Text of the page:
A WARNING has been issued over Britain's native mammals, following a report suggesting that a quarter of species are now at risk of extinction.

Wildlife organisations are calling for conservation action to address this decline, and protect wildlife for future generations.

The Mammal Society for Natural England, Natural Resources Wales, Scottish Natural Heritage (NatureScot) and the Joint Nature Conservation Committee published the first official ‘Red List’ for British mammals which shows that 11 of the 47 mammals native to Britain are classified as being at imminent risk of extinction.


Among those species listed are the water vole, hedgehog, hazel dormouse, wildcat and the grey long-eared bat.

The reasons for the declines vary between species, ranging from historical persecution to habitat loss and the introduction of non-native species.

A further five species are classified as ‘near threatened’ with a realistic possibility of them becoming threatened with extinction in the near future, and the conservation status of four species is unknown due to lack of information.

In Scotland there are 36 native or formerly native species of which 18 have been deemed as ‘at risk’. Wildcats and harvest mice have been included on the critically endangered list with polecats and Eurasian beavers on the endangered list. There has been a 26% decline in red foxes over the last 17 years which has been put down to declining rabbit populations.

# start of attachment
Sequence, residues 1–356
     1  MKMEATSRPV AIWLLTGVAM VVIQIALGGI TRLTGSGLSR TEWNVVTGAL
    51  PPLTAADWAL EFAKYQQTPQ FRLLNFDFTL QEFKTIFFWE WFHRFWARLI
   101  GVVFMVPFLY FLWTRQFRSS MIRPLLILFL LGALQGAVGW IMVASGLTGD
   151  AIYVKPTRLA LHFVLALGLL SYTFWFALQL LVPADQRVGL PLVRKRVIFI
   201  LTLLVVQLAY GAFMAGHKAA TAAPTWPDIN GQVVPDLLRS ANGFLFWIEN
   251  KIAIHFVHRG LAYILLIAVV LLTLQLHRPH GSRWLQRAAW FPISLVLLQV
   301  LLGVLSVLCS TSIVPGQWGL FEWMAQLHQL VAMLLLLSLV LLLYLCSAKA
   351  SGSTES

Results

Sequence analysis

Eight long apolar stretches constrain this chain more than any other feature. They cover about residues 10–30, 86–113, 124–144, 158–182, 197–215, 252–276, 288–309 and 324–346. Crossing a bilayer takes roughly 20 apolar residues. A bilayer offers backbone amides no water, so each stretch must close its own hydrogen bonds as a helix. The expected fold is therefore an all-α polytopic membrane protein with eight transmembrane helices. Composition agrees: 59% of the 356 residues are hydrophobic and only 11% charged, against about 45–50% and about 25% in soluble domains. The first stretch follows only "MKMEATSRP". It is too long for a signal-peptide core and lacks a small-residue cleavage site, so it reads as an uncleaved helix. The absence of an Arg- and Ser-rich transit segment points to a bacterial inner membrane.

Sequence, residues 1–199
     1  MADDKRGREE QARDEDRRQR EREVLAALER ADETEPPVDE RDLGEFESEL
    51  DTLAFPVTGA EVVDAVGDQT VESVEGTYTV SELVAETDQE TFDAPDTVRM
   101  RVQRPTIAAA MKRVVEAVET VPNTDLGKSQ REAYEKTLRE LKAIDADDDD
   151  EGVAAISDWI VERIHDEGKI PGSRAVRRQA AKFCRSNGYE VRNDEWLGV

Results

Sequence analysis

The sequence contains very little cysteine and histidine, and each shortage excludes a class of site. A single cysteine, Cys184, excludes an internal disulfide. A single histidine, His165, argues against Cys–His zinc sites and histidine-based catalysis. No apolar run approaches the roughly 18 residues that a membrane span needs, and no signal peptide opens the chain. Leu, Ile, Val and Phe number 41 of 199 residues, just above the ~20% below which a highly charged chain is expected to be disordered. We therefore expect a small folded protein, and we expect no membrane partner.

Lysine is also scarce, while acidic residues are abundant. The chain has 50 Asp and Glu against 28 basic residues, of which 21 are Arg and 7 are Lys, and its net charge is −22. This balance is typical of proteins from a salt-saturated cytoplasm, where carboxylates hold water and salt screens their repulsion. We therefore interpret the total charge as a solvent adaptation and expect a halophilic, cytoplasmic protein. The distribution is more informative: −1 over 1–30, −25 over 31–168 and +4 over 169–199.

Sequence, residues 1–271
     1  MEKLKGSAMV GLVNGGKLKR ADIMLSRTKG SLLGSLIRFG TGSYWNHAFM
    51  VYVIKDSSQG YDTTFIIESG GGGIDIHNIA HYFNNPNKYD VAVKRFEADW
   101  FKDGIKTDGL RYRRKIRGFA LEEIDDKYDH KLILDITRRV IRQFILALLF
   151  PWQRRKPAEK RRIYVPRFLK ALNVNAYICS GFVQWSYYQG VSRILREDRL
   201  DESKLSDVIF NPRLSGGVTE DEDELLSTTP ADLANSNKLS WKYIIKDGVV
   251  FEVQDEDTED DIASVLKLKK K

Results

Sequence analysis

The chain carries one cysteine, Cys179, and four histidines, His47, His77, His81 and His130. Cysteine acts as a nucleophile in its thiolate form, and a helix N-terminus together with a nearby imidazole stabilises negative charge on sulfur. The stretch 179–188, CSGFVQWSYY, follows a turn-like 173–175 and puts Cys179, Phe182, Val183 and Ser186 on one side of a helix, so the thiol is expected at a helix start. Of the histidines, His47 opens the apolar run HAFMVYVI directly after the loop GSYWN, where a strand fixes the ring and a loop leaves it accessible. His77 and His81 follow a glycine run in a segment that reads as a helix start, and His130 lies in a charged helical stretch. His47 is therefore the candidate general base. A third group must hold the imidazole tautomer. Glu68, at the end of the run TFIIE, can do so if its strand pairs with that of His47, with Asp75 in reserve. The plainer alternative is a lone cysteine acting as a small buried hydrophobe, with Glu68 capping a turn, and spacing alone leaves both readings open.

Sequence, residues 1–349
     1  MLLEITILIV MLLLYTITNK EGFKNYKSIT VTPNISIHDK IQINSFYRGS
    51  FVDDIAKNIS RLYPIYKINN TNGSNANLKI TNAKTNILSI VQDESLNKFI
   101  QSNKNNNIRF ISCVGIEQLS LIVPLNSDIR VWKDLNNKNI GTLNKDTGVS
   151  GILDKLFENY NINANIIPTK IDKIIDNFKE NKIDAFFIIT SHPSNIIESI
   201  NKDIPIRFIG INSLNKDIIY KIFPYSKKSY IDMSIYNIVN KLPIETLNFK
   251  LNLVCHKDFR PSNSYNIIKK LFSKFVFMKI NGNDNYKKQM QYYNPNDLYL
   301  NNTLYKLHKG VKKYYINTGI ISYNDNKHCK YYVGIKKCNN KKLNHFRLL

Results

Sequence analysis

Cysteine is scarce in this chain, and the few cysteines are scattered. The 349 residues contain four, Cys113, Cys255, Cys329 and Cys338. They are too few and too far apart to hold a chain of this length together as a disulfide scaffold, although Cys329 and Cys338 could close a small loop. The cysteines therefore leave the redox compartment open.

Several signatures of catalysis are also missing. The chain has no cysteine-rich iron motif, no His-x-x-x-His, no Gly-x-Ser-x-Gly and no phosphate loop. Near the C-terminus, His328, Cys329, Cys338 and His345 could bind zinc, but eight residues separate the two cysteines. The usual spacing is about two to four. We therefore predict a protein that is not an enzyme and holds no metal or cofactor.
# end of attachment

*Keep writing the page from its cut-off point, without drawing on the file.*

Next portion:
Mammal Society chair and professor at the University of Sussex, Fiona Matthews, led the report: “The new Red List provides a very clear basis for prioritising funding and conservation efforts for the future,” said Ms Matthews. “Twenty species — those classed as Threatened, Near Threatened, and Data Deficient — all need urgent attention. While we bemoan the demise of wildlife in other parts of the world, here in Britain we are managing to send even rodents towards extinction. Things have to change rapidly if we want our children and grandchildren to enjoy the wildlife we take for granted.”

Natural England Chair Tony Juniper added: “This is a wake-up call, but it is not too late to act. We are working with our partners to recover our threatened and widely loved mammals, including licensing the reintroduction of beavers into England, and supporting the recovery of dormice and the grey long-eared bat, but there is so much more to do.

“Central to the recovery of these and other creatures will be the protection and restoration of large areas of suitable habitat, including through the creation of a vibrant and wildlife-rich Nature Recovery Network, enabling populations of rare animals to increase and be reconnected with one another,” he explained.